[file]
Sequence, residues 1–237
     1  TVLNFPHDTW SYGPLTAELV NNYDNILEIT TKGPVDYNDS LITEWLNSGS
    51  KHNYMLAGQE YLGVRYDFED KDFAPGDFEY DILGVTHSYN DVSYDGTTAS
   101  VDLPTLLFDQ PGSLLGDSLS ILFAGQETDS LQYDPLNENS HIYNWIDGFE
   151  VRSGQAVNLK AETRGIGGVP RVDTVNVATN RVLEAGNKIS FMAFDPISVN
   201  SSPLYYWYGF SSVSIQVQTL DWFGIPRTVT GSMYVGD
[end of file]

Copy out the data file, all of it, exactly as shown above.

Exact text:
Sequence, residues 1–237
     1  TVLNFPHDTW SYGPLTAELV NNYDNILEIT TKGPVDYNDS LITEWLNSGS
    51  KHNYMLAGQE YLGVRYDFED KDFAPGDFEY DILGVTHSYN DVSYDGTTAS
   101  VDLPTLLFDQ PGSLLGDSLS ILFAGQETDS LQYDPLNENS HIYNWIDGFE
   151  VRSGQAVNLK AETRGIGGVP RVDTVNVATN RVLEAGNKIS FMAFDPISVN
   201  SSPLYYWYGF SSVSIQVQTL DWFGIPRTVT GSMYVGD